The truth is, we just don't know yet what the effects of computers are going to be.

One last question: In your view, what is one of the greatest gifts that babies can give to adults?

I mentioned before that babies seem to have this broad lantern of attention. They really seem to be designed to spend most of their time learning. They're very wide open to a lot of things in the world around them. We adults are sort of forced by our circumstances to have a much narrower focus of vision. We're just focused on whatever it is we need to do next, and so forth. But when we're with babies and young children, we can temporarily get some of that broader vision and openness. One of the things I say is that if you try to go to the corner store for a gallon of milk with a four-year-old, you'll suddenly realize that this street you're completely used to, that has sort of become invisible to you, is suddenly full of all of these fantastic, wonderful, exciting things. And it may take you four times as long to get to the store, but you realize that it's four times as rich an experience.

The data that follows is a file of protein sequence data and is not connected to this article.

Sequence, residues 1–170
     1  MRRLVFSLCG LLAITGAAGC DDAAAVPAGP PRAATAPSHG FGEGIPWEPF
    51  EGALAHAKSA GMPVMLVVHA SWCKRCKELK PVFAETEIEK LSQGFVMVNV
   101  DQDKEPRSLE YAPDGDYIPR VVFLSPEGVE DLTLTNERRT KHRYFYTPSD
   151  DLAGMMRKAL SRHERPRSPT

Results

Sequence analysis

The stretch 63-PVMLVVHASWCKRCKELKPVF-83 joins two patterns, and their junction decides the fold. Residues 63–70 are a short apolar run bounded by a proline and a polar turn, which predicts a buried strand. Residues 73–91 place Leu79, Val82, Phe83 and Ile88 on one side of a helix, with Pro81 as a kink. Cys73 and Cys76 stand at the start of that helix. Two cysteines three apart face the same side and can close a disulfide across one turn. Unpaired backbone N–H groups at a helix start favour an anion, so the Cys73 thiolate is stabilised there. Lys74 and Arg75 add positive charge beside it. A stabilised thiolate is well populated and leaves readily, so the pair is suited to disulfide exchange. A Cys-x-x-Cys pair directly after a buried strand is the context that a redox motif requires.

Content provided by The Mark News.

Photo courtesy of epidemik via Flickr

This article was originally published on Dec 06, 2011

Weekly Newsletter

Keep up with your baby's development, get the latest parenting content and receive special offers from our partners

I understand that I may withdraw my consent at any time.

This site is protected by reCAPTCHA and the Google Privacy Policy and Terms of Service apply.